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EDITORIAL ANALYSIS : Analyzing U.S.-China bilateral ties


Source: The Hindu


  • Prelims: Current events of international importance(Indo-Pacific, Regional forums, etc
  • Mains GS Paper II: Multipolar World, Significance of Indo-Pacific for India, Indo-Pacific Region, Free and open Indo-Pacific, International organizations.


  • The S. President and Chinese President had their first in-person interaction on the sidelines of the G-20 summit in Bali in November, signaling a probable relaxation of the growing tensions.




Phases in the US-China relationship:

  • 19th century: American missionaries began to arrive in China and began to generate empathy for the nation.
  • During World War II: US backed Chinese nationalists in their fight against Japanese occupation.
  • The US tried to isolate China from 1949: when the communists prevailed over the nationalists.
  • The 1970s: It saw the US and communist China come together to counter the Soviet Union.
  • The 1980s: Beginning of an economic engagement that turned into a huge commercial and technological partnership from the 1990s.
  • 21st century: some in the US began to see China as a potential threat.
    • America believed that China’s growing economic prosperity would inevitably lead to greater democratization of its society.
  • US-China rivalry has intensified in the past two years covering:
    • trade
    • technology
    • naval activities in the South China Sea


Recent downturns in US-China relations:

  • Taiwan: Nancy Pelosi’s historic visit to Taiwan
  • Heavy restrictions: The imposition of heavy restrictions on China’s semiconductor industry by the U.S.


How did relations sour between the U.S. and China?


Reasons for continuous decoupling” of bilateral relations:

  • China’s crackdown in Xinjiang and Hong Kong
  • wolf warrior diplomacy during the COVID-19 blame game
  • Evident support to Russia during the Ukraine crisis
  • Taiwan: Escalating offensive posturing towards Taiwan


Outcome of the meet on the sidelines of G20:

  • There was no joint statement released after the meeting.
  • Easing tensions and reopening channels of communication were agreed upon by both the leaders.
  • US President: He proposed promoting U.S.-China cooperation on the issues of:
    • climate change
    • global macroeconomic stability,
    • global health and food security.
  • The US underlined the human rights concerns surrounding China’s activities in Xinjiang, Tibet and Hong Kong.
  • China re-emphasised Taiwan’s position as being at “the very core of China’s core interests” as well as “the bedrock of the political foundation of China-U.S. relations.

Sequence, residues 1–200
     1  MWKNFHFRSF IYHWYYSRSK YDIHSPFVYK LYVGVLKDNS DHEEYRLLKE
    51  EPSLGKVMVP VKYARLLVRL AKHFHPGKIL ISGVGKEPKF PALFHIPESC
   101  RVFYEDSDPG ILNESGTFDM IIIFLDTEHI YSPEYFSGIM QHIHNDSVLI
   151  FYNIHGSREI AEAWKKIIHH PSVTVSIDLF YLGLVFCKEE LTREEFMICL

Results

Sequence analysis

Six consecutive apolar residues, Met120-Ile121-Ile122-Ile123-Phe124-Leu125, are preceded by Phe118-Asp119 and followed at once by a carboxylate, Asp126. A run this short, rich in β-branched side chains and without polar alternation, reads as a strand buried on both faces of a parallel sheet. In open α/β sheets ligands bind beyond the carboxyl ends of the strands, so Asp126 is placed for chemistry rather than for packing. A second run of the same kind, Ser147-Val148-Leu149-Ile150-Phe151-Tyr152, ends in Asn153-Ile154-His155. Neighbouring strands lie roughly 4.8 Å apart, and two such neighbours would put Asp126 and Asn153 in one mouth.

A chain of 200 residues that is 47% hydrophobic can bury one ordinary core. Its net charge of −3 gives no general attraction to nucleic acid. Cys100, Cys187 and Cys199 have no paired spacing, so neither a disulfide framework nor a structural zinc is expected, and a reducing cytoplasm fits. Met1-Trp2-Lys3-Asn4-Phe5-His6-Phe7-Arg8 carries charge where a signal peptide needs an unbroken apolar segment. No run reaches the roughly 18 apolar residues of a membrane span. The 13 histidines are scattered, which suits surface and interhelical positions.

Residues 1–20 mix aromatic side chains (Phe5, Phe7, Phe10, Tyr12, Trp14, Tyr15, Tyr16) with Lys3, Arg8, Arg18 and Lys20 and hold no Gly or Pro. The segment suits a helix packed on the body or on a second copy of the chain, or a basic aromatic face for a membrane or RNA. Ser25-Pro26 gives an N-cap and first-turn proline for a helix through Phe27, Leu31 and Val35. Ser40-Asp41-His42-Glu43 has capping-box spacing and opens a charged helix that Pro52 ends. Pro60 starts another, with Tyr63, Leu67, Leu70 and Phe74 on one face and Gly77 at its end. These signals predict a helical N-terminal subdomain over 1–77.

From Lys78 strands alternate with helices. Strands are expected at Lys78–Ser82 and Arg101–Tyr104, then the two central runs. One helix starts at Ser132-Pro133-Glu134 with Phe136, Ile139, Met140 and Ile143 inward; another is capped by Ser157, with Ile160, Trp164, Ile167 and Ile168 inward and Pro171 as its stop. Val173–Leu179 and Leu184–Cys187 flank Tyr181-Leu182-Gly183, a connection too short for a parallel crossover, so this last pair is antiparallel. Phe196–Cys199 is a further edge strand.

• Five noes” by US President:
    • Not seek a new Cold War
    • Not seek to change China’s system
    • Not to revitalize its alliances against China
    • Not to disturb the cross-Strait status quo
    • Not look for conflict with China.


India’s stand on US-China dynamics:

  • Us-China dynamic: India’s engagement with the US-China dynamic has not been an uncomfortable one in the past.
  • International acceptance: When the US sought to isolate China in the 1950s, India tried to befriend it and promote its international acceptance.
  • Alliance with Russia: When the US and China joined to limit Soviet power in the 1970s, India deepened its alliance with Moscow.
  • Modernisation of China: India watched with envy as the US helped the rapid modernisation of the Chinese economy.


Way Forward:

  • Stability in bilateral relations: The recent meeting between the two heads of states certainly imply that there is a move toward bringing in more stability into bilateral relations.
  • China’s more specific objectives like the reunification of Taiwan with the mainland.
    • China has not moved away from its path to attain its long term goal of centrality in the international system.
  • The “new era” of Xi Jinping is marked by China’s efforts to project rather than conceal its capabilities.
  • The US’s three-pillar approach towards China — “invest, align, compete: This showcases the intent to deal with the threat posed by China without sliding into an inadvertent conflict.



Q. With respect to the South China sea, maritime territorial disputes and rising tension affirm the need for safeguarding maritime security to ensure freedom of navigation and overflight throughout the region. In this context, discuss the bilateral issues between India and China.(UPSC 2014) (200 WORDS, 10 MARKS)